“It’s a high bar for a low-income student,” said Sara Goldrick-Rab, a leading expert on college affordability and a professor at Temple University. “It’s going to be the main reason why students lose the scholarship.”

The scholarship covers free college tuition at any state college or university for students whose families earn less than $125,000 per year. But it comes with a major catch: Students who receive Excelsior funding must live and work in New York state for the same number of years after graduation as they receive the scholarship. If they fail to do so, their scholarships will be converted to loans, which the new regulations specify have 10-year terms and are interest-free.

The new regulations allow for some flexibility:

  • The loan can now be prorated. So if a student benefits from Excelsior for four years but moves out of state two years after graduation, the student would only owe two years of payments.
  • Those who lose the scholarship but remain in a state school, or complete a residency in-state, will have that time count toward paying off their award.
  • Members of the military get a reprieve: They will be counted as living and working in-state, regardless of where the person is stationed or deployed.
  • In cases of “extreme hardship,” students can apply for a waiver of the residency and work requirements. The regulations cite “disability” and “labor market conditions” as some examples of a hardship. A state spokeswoman said other situations that “may require that a student work to help meet the financial needs of their family” would qualify as a hardship, such as a death or the loss of a job by a parent.
  • Students who leave the state for graduate school or a residency can defer repaying their award. They would have to return to New York afterwards to avoid having the scholarship convert to a loan.

Some of law’s other requirements were also softened. The law requires students to enroll full-time and take average of 30 credits a year — even though many SUNY and CUNY students do not graduate on time. The new regulations would allow students to apply credits earned in high school toward the 30-credit completion requirement, and stipulates that students who are disabled do not have to enroll full-time to qualify.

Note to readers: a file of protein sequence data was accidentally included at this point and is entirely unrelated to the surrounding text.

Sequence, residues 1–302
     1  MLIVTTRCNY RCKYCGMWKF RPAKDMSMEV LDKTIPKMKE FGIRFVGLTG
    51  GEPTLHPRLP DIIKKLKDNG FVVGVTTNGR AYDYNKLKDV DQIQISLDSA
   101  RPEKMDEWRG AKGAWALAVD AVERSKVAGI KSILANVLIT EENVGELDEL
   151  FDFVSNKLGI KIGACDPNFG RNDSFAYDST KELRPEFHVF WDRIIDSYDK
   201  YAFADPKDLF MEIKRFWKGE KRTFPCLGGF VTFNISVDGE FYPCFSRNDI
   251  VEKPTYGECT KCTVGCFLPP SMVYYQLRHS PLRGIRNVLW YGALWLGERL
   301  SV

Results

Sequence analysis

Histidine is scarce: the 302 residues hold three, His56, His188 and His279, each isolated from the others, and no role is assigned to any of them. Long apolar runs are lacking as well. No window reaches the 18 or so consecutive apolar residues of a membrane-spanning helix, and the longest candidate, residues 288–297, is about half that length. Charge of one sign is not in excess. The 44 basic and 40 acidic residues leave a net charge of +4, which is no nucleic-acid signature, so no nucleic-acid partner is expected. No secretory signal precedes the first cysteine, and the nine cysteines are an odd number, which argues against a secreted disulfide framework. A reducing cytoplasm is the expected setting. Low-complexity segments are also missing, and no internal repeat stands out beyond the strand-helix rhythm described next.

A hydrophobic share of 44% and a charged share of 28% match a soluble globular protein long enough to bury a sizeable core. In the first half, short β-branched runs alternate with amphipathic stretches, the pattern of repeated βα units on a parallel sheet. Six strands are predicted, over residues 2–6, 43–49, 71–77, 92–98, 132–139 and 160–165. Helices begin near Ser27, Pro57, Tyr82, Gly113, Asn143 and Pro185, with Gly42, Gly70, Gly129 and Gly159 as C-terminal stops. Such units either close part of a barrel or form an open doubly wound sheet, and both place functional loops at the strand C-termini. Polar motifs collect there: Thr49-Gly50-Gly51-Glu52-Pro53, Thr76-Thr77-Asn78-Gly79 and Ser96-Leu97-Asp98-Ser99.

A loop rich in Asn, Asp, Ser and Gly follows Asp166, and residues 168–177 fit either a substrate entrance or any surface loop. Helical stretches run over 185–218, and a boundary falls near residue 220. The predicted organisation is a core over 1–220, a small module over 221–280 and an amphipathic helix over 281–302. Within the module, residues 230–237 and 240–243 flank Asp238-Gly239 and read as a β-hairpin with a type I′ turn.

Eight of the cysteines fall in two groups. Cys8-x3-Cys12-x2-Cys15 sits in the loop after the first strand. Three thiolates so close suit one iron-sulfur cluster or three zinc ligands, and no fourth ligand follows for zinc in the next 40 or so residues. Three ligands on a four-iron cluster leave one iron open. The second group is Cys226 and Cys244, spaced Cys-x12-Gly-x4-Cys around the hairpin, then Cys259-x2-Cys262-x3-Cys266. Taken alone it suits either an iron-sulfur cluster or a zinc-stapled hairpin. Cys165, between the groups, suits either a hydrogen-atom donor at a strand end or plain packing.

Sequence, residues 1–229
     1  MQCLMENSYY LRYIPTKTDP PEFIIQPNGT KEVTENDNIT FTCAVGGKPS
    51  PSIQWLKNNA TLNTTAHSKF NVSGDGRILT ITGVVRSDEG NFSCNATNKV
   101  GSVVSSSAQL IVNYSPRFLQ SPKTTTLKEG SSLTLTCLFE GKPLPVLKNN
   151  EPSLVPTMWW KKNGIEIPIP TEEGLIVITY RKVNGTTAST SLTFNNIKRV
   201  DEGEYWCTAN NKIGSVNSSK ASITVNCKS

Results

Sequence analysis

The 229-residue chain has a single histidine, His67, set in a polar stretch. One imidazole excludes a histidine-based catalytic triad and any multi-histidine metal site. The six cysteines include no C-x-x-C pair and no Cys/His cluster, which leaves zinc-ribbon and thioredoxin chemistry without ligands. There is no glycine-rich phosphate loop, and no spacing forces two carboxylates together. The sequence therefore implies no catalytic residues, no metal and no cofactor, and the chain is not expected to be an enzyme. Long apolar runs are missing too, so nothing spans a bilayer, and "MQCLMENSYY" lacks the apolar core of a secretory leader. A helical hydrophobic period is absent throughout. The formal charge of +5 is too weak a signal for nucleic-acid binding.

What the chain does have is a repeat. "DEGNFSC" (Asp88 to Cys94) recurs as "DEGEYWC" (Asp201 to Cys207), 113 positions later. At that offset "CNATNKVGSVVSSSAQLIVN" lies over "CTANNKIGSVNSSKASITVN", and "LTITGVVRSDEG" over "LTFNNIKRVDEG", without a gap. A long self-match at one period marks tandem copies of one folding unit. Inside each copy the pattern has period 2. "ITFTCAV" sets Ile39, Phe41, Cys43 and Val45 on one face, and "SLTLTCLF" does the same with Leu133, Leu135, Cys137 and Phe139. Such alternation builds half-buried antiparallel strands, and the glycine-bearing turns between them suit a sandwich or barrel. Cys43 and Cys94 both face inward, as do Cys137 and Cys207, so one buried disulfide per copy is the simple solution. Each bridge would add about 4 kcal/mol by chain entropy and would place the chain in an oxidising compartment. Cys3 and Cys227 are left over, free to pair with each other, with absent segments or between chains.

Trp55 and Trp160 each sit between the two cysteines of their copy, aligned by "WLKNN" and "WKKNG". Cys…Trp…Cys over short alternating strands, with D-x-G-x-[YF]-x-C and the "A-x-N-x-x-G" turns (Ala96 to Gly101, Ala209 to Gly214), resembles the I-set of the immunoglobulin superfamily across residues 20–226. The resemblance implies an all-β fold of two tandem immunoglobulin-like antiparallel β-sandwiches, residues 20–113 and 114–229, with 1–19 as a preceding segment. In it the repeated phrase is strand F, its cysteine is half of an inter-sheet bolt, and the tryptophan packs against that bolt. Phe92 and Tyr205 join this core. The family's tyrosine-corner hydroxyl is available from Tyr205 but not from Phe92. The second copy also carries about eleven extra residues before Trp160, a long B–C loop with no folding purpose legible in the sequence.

Looming threat

Report: Looming financial threats could undermine ‘fresh’ start for new Detroit district

The creation of a new school district last year gave Detroit schools a break from years of crippling debt, allowing the new district to report a healthy budget surplus going into its second year.

It’s the first time since 2007 that the city’s main school district has ended the year with a surplus.

But a report released this morning — just days after Superintendent Nikolai Vitti took over the district — warns of looming financial challenges that “could derail the ‘fresh’ financial start that state policymakers crafted for the school district.”

The report, from the Citizens Research Council of Michigan, notes that almost a third of the district’s $64 million surplus is the cost savings from more than 200 vacant teaching positions.

Those vacancies have caused serious problems in schools including classrooms crammed with 40 or 50 kids. The district says it’s been trying to fill those positions. But as it struggles to recruit teachers, it is also saving money by not having to pay them.

Other problems highlighted in the report include the district’s need to use its buildings more efficiently at a time when many schools are more than half empty. “While a business case might be made to close an under-utilized building in one part of the city, such a closure can create challenges and new costs for the districts and the families involved,” the report states. It notes that past school closings have driven students out of the district and forced kids to travel long distances to school.

The report also warns that if academics don’t improve soon, student enrollment — and state dollars tied to enrollment — could continue to fall.

Read the full report here: